A record of spectacular growth for Canada New England

René Trépanier discusses why the region is North America’s fastest growing cruise destination
A record of spectacular growth for Canada New England
The port of Montréal is one of Canada New England’s popular ports in the region (Image: Loïc Romer)

By Jacqui Griffiths |

This article was first published in the Itinerary Planning Special Report. All information was correct at the time of printing, but may since have changed.

Comprising ports in Canada, the US and now the French overseas territories of Saint-Pierre and Miquelon, Destination Canada New England (CNE) represents just 2% of the world cruise market but it has achieved consistent growth over the past 10 years. Cruise passenger numbers at the nine Saint Lawrence ports of call, for example, have increased from 125,000 to 600,000 in a decade. This is largely because the region is recognised as safe and secure, and it boasts a wealth of history, natural beauty and maritime culture and tradition.

To sustain the growth of Canada New England’s cruise industry, five organisations have teamed up to form the Cruise Canada New England Alliance (CCNE), including: Cruise Atlantic Canada, Cruise the Saint Lawrence, Cruise Maine USA, FlynnCruiseport Boston and NYCruise. Together, these associations manage and promote some 40 ports of call, offering abundant itinerary choices to over 30 cruise lines. 

The ports attract cruise ships from various categories, including the contemporary, exploration high-end luxury sectors. The region applauds industry initiatives to build small to mid-size exploration ships as they are particularly well suited to many of CNE’s smaller ports with exceptional historical, cultural and natural attributes. The market for mid-sized and larger ships also continues to strengthen at several ports, thanks to iconic brands such as Disney Cruise Line calling at the destinations and confirming that they are ideal for family-oriented and family-friendly itineraries.

CNE’s marquee ports, such as New York, Boston, Québec and Montréal, have all either completed major port infrastructure developments, or are in the progress of carrying them out. Meanwhile, CNE’s coastal areas have also built new ports and there are several others in development, and there are major port infrastructure developments scheduled for completion in the near term in the French overseas territories.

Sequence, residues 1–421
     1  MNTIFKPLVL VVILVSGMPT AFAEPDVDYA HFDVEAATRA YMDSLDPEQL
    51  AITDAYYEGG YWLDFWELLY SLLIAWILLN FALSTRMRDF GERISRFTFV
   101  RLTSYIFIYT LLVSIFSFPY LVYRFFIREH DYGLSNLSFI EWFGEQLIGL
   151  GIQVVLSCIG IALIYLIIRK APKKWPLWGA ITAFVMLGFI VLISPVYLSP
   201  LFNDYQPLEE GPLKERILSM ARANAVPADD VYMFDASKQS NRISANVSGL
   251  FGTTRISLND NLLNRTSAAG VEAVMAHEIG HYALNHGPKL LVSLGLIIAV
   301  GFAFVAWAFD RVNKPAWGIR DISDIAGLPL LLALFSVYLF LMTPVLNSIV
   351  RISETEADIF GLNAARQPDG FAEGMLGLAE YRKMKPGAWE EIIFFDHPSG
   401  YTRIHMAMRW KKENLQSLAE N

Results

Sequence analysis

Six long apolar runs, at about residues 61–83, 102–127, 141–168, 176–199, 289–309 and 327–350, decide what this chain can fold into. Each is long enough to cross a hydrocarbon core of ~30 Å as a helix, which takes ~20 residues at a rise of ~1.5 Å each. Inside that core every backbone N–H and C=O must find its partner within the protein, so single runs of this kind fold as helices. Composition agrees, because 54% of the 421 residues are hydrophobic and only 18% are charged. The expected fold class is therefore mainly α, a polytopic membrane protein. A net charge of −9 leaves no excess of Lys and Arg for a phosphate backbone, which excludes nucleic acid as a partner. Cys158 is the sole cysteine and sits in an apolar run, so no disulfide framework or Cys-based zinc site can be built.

Member ports have also invested substantially to provide sustained high quality across the customer and port service spectrum. Each one uses the ‘Best Bienvenue’ (‘Best Welcome’) programme to ensure that they meet, and exceed, the expectations of cruise lines, their crew and guests. Ports continually evaluate the ground services they provide for cruise passengers against specific criteria and common standards to ensure that guests get the same consistent, high-quality service wherever they go in the Canada New England region.

All individual ports are branded under one unified CCNE brand, which gives them an enhanced position in the cruised industry marketplace. Now that the French overseas territories of Saint-Pierre and Miquelon have joined Destination Canada New England, the association is promoting the abundant itinerary planning potential for cruise operators who can organise roundtrips from several Canadian ports.

Over the past decade, CCNE representatives have built a solid network of cruise line executives. Recent strategic planning by the CCNE Alliance seeks to develop a four-season focus through media relations, trade shows, sales missions, visits to cruise line offices and familiarisation tours in the region.

CCNE has consistently sought to expand the cruise season in the region and it now extends from April to November. With the recent advent of winter cruises, regional authorities are intent upon broadening regional scope and appeal and transforming Canada New England into a four season destination. CCNE held its first winter familiarisation tour in February 2018 and since then, cruise lines have begun planning winter cruises from 2021 onwards. The concept could involve repositioning ships between the end of summer in Antarctica (February) and the beginning of summer in the Arctic (April). 

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